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奥巴马总统在马丁路德金演讲50周年纪念活动中的演讲英文全文

时间:2013-09-01 19:55  作者:admin  来源:www.lili1989.net

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文章摘要:奥巴马总统在马丁路德金演讲50周年纪念活动中的演讲英文全文,平方根狮子林谱写,暗昧之事德罗巴泡沫。

美国时间8月28日是已故美国黑人民权运动领袖马丁·路德·金发表《我有一个梦想》演讲50周年纪念日,华人博彩:美国首任黑人总统奥巴马,前总统克林顿和卡特,以及马丁·路德·金的后人出席纪念活动。奥巴马在集会现场发表了将近30分钟的演说,“我们在这里热烈地缅怀金博士50年前的精彩演讲,他的演讲为数百万平民发出了强有力的呼声,帮受压迫的人找到了救济途径。他的演讲预言了我们当今社会不平等的现实,永不过时。” 奥巴马说,“因为他们的游行,美国变得更加自由和公平,受益方不仅仅包括非裔美国人,也包括女性和拉美裔,亚裔以及美国土著居民,还包括天主教徒,犹太人,穆斯林,另外还有同性恋,残疾人等。”
Remarks by the President at the "Let Freedom Ring" Ceremony Commemorating the 50th Anniversary of the March on Washington

Lincoln Memorial

3:07 P.M. EDT

 

THE PRESIDENT:  To the King family, who have sacrificed and inspired so much; to President Clinton; President Carter; Vice President Biden and Jill; fellow Americans. 

总统:金博士的家人们,他们做出了如此大的牺牲,具有如此激励人心的力量;克林顿总统(President Clinton)、卡特总统(President Carter)、拜登副总统(Vice President Biden)和吉尔(Jill);美国同胞们。

Five decades ago today, Americans came to this honored place to lay claim to a promise made at our founding:  “We hold these truths to be self-evident, that all men are created equal, that they are endowed by their Creator with certain unalienable rights, that among these are Life, Liberty and the pursuit of Happiness.”

50年前的今天,美国人来到这个令人尊崇的地方,要求兑现我们的建国承诺: “我们认为以下真理不言而喻:人人生而平等,造物主赋予他们某些不可剥夺的权利,其中包括生命、自由和追求幸福的权利。”

In 1963, almost 200 years after those words were set to paper, a full century after a great war was fought and emancipation proclaimed, that promise -- those truths -- remained unmet.  And so they came by the thousands from every corner of our country, men and women, young and old, blacks who longed for freedom and whites who could no longer accept freedom for themselves while witnessing the subjugation of others.

Across the land, congregations sent them off with food and with prayer.  In the middle of the night, entire blocks of Harlem came out to wish them well.  With the few dollars they scrimped from their labor, some bought tickets and boarded buses, even if they couldn’t always sit where they wanted to sit.  Those with less money hitchhiked or walked.  They were seamstresses and steelworkers, students and teachers, maids and Pullman porters.  They shared simple meals and bunked together on floors.  And then, on a hot summer day, they assembled here, in our nation’s capital, under the shadow of the Great Emancipator -- to offer testimony of injustice, to petition their government for redress, and to awaken America’s long-slumbering conscience.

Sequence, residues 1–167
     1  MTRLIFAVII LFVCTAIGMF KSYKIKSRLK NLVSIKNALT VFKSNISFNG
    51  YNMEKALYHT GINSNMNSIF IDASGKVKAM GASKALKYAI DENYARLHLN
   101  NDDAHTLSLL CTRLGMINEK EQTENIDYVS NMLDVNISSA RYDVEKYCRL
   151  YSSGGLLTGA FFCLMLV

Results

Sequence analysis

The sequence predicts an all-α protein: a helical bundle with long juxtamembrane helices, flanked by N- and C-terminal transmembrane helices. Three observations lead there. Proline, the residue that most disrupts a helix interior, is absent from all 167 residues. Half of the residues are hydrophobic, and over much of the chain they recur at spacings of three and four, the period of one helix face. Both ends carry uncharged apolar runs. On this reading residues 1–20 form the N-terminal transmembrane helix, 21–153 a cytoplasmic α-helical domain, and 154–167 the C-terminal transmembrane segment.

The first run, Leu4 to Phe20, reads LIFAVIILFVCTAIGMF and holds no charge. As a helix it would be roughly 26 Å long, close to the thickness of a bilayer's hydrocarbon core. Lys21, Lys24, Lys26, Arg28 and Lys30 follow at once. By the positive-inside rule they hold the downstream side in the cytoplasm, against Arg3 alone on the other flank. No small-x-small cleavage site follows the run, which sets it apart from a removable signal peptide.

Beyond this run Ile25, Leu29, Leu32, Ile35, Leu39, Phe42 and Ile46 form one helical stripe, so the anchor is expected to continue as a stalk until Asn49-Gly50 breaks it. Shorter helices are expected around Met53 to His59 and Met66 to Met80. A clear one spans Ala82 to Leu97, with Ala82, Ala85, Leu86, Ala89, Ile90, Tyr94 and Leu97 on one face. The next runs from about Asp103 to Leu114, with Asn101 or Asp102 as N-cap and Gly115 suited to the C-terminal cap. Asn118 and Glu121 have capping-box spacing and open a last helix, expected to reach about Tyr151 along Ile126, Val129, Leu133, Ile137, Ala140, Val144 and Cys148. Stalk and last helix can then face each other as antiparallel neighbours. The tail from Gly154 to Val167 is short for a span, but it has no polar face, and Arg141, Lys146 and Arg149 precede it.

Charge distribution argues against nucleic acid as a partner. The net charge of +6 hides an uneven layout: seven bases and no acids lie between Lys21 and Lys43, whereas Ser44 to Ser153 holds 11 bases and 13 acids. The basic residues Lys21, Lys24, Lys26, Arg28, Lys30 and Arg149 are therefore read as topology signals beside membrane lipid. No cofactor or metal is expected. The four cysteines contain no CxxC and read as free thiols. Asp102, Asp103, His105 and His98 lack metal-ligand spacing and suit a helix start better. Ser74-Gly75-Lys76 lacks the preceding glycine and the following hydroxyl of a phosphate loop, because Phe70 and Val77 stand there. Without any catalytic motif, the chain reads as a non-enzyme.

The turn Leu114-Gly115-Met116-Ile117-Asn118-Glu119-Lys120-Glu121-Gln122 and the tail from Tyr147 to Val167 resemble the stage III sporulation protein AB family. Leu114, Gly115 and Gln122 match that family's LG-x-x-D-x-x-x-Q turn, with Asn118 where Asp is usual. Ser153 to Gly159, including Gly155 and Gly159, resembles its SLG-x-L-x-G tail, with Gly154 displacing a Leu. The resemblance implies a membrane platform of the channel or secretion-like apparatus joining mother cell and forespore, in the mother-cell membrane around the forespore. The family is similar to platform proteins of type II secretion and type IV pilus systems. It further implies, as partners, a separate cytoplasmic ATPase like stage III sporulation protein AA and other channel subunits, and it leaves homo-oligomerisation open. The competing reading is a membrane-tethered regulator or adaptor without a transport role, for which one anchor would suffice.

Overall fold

We rightly and best remember Dr. King’s soaring oratory that day, how he gave mighty voice to the quiet hopes of millions; how he offered a salvation path for oppressed and oppressors alike.  His words belong to the ages, possessing a power and prophecy unmatched in our time.

But we would do well to recall that day itself also belonged to those ordinary people whose names never appeared in the history books, never got on TV.  Many had gone to segregated schools and sat at segregated lunch counters.  They lived in towns where they couldn’t vote and cities where their votes didn’t matter.  They were couples in love who couldn’t marry, soldiers who fought for freedom abroad that they found denied to them at home.  They had seen loved ones beaten, and children fire-hosed, and they had every reason to lash out in anger, or resign themselves to a bitter fate.

And yet they chose a different path.  In the face of hatred, they prayed for their tormentors.  In the face of violence, they stood up and sat in, with the moral force of nonviolence.  Willingly, they went to jail to protest unjust laws, their cells swelling with the sound of freedom songs.  A lifetime of indignities had taught them that no man can take away the dignity and grace that God grants us.  They had learned through hard experience what Frederick Douglass once taught -- that freedom is not given, it must be won, through struggle and discipline, persistence and faith.